Of three Fresno City Council seats up for election this year, two incumbents are running unopposed: Steve Brandau in District 2 and Paul Caprioglio in District 4. That means they will each coast to a second four-year term on the council without having to raise funds or run campaigns.
Brandau, who owns a carpet cleaning business, said he hopes the lack of a challenger suggests that residents of his northwest Fresno district believe he’s done a good job. “Knock on wood, I think I’ve been carrying the flag for northwest Fresno,” he said. “I’ve been keeping everybody informed, holding district meetings pretty regularly, sending out mailers, putting notices in The Bee so people can connect with me.”
Brandau, 52, was first elected to the City Council in 2012.
“We’ve brought a lot of road and sidewalk infrastructure money into northwest Fresno, so between that and getting up in the boom truck and fixing streetlights, I think people are happy with what we’re doing,” Brandau said. “We’re meeting the physical needs of the district, and a lot of people think I’m representing their best interest on the Fresno City Council.”
Brandau said he learned of one potential challenger several weeks before the filing deadline. “But we connected and talked at a Starbucks for a couple of hours, and we realized that we were both pretty much on the same page,” and he decided not to continue the challenge, Brandau said. “So when the filing deadline came, it was not a big, huge stressed-out day for me.”
“Northwest Fresno is not going to attract a candidate who’s (politically) too far away from me,” he said. “Maybe someone who’s not as far right as me. Whoever that is will have met me, and we may disagree on a few things, but not enough to run against me.
“You’re never going to get universal agreement,” he added, “but we try to do a job and answer when the phone rings.”
Caprioglio, 70, is an attorney in Fresno who represents the east-central part of the city. He was appointed on a 5-2 vote of the City Council in May 2008 to fill the unexpired term of District 4 Councilman Larry Westerlund while Westerlund served a one-year military deployment as a lieutenant commander with the U.S. Naval Reserve. Westerlund was in the midst of a re-election campaign when he deployed, and won the election. The council extended Caprioglio’s appointment until May 2009, when Westerlund returned to City Hall.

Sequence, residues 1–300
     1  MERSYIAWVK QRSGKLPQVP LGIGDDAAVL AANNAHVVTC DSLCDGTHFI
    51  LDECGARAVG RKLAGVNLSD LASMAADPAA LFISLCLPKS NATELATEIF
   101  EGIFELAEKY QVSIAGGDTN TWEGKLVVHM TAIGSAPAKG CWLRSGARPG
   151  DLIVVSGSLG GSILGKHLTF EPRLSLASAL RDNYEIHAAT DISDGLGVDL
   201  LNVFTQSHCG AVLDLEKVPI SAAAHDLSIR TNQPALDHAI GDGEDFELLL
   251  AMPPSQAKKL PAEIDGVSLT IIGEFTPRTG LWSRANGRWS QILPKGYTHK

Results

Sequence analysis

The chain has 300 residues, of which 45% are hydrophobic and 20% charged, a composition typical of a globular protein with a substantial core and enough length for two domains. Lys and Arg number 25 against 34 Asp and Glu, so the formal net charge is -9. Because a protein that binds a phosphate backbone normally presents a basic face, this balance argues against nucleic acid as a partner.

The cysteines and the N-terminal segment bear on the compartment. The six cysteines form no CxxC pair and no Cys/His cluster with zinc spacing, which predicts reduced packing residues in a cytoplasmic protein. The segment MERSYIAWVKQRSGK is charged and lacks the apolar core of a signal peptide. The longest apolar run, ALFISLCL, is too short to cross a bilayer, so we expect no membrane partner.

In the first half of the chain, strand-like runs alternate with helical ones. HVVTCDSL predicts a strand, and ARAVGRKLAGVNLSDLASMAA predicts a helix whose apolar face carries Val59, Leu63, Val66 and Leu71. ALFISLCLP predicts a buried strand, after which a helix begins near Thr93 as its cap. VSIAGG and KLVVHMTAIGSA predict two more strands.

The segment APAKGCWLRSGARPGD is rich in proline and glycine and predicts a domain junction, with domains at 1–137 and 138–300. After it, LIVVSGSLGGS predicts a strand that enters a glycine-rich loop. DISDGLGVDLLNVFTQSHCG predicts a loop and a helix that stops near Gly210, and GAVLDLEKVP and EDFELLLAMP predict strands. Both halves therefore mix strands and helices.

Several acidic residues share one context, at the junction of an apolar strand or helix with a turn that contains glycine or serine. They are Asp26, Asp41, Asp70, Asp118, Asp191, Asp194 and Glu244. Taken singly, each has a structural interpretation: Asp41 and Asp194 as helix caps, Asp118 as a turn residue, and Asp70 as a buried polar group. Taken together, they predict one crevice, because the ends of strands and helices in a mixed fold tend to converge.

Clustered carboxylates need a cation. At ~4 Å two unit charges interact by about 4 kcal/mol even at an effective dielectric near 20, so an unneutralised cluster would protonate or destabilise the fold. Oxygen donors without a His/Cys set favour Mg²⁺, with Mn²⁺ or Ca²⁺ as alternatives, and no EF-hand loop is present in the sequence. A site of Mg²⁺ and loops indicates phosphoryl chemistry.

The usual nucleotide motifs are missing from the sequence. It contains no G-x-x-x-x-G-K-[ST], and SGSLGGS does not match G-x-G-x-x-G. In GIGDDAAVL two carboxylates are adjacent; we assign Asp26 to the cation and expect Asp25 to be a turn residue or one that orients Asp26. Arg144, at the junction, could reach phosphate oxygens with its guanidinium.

In 2012, when Westerlund was term-limited, Caprioglio ran for and won a full four-year term in the District 4 seat.
“It was actually a deep feeling of gratitude for the faith and trust that people in District 4 put in me,” Caprioglio said of running unopposed. “I’m just doing what I would want a representative to do. … I don’t take it lightly. I feel like I need to be even more responsive because I don’t have an opponent. It just adds more responsibility to constituents and friends in District 4.” Caprioglio had actually started campaigning last fall, walking some precincts in October, November and December before taking time off for an illness.
Particularly after a bout of pneumonia put him in a hospital for a few days last month, “there’s a feeling of, ‘Wow, I’m very blessed to not have to run” a strenuous re-election campaign.
In the coming four years, Caprioglio said, he wants to continue working toward reinvesting city dollars in much-needed infrastructure improvements in the district and citywide. “I think the council now, more than ever, understands the importance of investing in local neighborhoods and addressing the needs of taxpayers with the dollars they’ve invested for sidewalks, streets and tree trimming,” he said. “We’ve gotten away from that.”